It is a further three hours drive to reach Khaplu Palace, but this is hands down one of the most beautiful properties to stay in all of Pakistan and indeed, the highlight of my trip. If you have time to spend more than one night, this property is best enjoyed at a slower pace. Be sure to make use of the guided palace tour as there is much to learn about the history of the palace and its surrounds.
The Royal High Tea is an experience not to be forgotten and is served on a terrace overlooking the palace grounds and has sweeping views of the surrounding mountains. If you ask politely the hotel staff may also let you explore the rooftop of the palace, which has 360 degree views over Khaplu.
If you are feeling more active and adventurous, there is a great panoramic view to be had at Thoqsikhar, a two hour hike from the palace. Ask the hotel to pack a picnic lunch or start your journey early in the morning with the sun and return to the palace for a relaxed lunch in the gardens.
If you have time the day you are checking out, consider stopping at Bara, a small town just 20 minutes from Khaplu and en route to your next destination: Gilgit. Here you will find a wool spinning and weave centre that trains and supports local women. This is also a great place to purchase a local Baltistani topi.
It is a lengthy drive from Khaplu to Gilgit, so be sure to leave in good time if you wish to see Gilgit before dark and perhaps even take a hike to the water channel above the city that offers views of the valley below and also features the victory monument of Taj Mughul as well as the 7th century Kargah Buddha rock carving. Whilst in Gilgit we stayed at the Serena Hotel and I was starting to realise how much I appreciated these beautiful hotels being all across Pakistan! They were extremely welcoming and felt like coming home. Buffet breakfasts were a highlight as were the interiors, always dedicated to the local area and paying tribute to influences in Central Asia.
If you are going to spend a few days in any one place, I would highly recommend basing yourself for a few days in the Hunza Valley. Renowned for its charm, cleanliness and 995 literacy rate, Hunza is commonly regarded as one of the most beautiful cities to visit in the North of Pakistan.
If you’re feeling peckish, start your day at Cafe de Hunza for a slice of famous walnut cake with an iced latte (which is actually a frappe for ye Westerners) and so refreshing after days and days of instant coffee!
There are many towns to explore in Hunza, but with limited time we made our way to Gulmit, one of the highlights in the Hunza Valley. Here there are a number of women’s initiatives and it was one of the few cities where we saw women in the streets. To support local communities, some great items to purchase as souvenirs or gifts to take home are apricot creams and oils, gem stones, woollen shawls and woodcraft. You will find many artisans and shop keepers on the streets who are more than willing to help (many of which speak perfect English) and not once was I hassled to buy anything throughout my time in Pakistan.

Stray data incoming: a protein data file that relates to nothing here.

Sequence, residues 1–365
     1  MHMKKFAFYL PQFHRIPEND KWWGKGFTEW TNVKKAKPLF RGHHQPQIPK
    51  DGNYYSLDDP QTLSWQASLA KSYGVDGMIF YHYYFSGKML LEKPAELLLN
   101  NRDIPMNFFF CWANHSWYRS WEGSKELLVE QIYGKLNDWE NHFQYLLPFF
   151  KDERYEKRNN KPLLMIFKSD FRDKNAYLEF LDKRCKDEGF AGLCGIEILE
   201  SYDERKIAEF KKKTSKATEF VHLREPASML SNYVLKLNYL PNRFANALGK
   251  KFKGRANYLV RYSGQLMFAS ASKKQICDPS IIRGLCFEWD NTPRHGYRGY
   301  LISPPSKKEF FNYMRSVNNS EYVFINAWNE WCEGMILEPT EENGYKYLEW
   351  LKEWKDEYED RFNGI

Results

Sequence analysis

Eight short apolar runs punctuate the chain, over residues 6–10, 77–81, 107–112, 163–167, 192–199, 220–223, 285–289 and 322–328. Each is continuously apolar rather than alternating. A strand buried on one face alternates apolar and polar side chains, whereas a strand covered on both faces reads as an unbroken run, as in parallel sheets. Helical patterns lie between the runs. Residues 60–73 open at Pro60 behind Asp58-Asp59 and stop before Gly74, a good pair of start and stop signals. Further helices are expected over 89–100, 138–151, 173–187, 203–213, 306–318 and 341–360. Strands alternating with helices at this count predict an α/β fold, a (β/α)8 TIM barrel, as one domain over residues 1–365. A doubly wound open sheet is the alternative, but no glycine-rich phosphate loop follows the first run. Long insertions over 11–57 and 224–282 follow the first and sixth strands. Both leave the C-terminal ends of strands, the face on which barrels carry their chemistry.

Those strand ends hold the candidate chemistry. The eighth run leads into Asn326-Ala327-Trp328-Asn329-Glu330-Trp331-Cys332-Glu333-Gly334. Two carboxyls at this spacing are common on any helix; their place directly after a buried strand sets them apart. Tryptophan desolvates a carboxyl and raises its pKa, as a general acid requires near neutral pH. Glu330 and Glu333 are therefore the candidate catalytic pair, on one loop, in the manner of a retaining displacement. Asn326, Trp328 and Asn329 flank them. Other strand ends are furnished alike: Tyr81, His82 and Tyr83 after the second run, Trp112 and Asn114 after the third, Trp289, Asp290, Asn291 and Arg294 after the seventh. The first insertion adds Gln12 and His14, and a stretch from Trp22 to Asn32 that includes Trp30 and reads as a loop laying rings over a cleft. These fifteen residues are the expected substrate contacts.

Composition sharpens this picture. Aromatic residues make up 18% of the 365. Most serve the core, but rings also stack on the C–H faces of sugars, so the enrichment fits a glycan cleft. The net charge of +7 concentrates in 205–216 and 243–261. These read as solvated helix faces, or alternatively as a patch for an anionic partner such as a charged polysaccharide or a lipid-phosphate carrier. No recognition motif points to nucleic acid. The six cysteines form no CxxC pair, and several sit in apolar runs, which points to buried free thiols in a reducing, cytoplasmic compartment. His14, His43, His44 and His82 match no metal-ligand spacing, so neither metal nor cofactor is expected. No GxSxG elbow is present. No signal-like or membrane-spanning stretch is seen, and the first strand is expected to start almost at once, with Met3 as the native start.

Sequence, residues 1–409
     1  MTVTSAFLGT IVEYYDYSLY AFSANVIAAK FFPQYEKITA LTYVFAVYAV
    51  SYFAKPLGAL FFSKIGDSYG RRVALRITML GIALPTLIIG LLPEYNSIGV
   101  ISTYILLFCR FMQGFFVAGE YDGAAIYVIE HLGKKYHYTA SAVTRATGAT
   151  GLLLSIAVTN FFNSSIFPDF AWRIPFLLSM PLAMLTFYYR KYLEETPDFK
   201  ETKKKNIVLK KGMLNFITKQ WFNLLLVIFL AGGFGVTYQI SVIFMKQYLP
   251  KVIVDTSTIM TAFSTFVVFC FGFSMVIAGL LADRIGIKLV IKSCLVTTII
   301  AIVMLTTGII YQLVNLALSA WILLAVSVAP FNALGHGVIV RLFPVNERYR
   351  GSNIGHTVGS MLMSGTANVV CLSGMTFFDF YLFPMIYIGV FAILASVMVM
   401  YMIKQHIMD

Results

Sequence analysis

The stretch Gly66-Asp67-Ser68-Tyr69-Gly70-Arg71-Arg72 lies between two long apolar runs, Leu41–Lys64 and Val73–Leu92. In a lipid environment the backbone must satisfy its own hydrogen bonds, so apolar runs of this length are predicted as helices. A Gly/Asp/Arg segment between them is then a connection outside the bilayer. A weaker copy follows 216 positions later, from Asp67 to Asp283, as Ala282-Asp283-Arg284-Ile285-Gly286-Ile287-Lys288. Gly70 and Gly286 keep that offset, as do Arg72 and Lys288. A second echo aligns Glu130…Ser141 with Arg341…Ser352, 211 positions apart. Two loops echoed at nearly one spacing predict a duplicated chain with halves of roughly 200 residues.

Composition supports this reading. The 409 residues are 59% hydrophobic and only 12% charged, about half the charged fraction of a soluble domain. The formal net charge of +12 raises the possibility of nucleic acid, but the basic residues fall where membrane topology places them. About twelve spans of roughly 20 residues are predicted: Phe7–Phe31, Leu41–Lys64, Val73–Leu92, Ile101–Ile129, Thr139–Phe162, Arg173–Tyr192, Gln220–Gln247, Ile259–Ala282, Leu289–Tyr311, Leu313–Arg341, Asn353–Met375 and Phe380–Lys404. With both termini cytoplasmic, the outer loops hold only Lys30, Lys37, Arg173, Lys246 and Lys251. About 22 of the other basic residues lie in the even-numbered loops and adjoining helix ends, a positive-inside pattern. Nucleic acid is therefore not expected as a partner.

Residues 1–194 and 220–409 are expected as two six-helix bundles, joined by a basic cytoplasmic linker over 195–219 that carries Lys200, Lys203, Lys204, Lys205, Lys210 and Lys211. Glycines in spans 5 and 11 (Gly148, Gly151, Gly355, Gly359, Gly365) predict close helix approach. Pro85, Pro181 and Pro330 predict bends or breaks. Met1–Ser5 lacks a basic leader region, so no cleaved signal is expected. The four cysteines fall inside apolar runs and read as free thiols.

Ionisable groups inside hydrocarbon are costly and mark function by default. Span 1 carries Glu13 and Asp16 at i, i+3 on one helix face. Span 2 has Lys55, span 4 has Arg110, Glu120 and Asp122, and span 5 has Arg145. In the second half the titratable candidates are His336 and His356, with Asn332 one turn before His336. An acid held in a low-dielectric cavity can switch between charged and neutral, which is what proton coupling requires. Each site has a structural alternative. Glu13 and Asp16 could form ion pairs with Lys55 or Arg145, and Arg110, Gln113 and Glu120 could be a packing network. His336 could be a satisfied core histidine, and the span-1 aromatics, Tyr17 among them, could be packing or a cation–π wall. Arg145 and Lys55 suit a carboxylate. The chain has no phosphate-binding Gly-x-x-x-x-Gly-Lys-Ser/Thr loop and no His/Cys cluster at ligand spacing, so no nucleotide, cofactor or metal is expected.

Not too far from Hunza, I would highly recommend a visit to Attabad lake. This lake appeared after a landslide that killed 20 people known as the Attabad disaster. The lake collects glacial silt from the surrounding mountains, resulting in its turquoise blue colour in Spring and Summer. Further down the road edging closer to the border with China is the rickety bridge known as “The Indiana Jones Bridge” for its likeness, though it never appeared in the films. It is totally worth a visit but not for the faint hearted!
Considered to be one of the greatest engineering accomplishments of the 20th century, the Karakoram Highway connects Pakistan and China and is one of the highlights of Northeastern Pakistan. The entire journey is 805 miles long but you don’t need to drive the entire way to experience some of the epic scenery that takes you through hair-raising turns, endless mountain ranges and many small villages where locals will wave as you pass by.
If adventure travel is more your style and you’re ready for one wild ride, do not miss the chance to jump on the jeeps and make your way to fairy Meadows along a steep cliff edge. After a one hour drive to the end of the road, it is just a 1.5-2 hour hike to the Fairy Meadows camp, which is a popular stop en route to the Base Camp for Nanga Parbat.
If time is on your side you might consider embarking on the trek to base camp the following morning – according to my guide this was a further 10-12 hour hike with basic lodging at base camp. The Swiss-style cabins at Fairy Meadows are lovely and lush, complete with hot water and electricity! This was a beautiful part of the world to wake up and enjoy the crisp mountain air so if time is on your side, you may even want to stay an extra night.
If you are interested in travelling to Pakistan with a guide I can highly recommend my guide Atta who made our time in Pakistan nothing short of amazing. He has many years experience as a guide as well as being trained in mountaineering, so is a great contact if you’re looking for a local guide to embark on a trek or two (I’ve set my eyes on K2 base camp next!)
You can contact Atta by email: firstname.lastname@example.org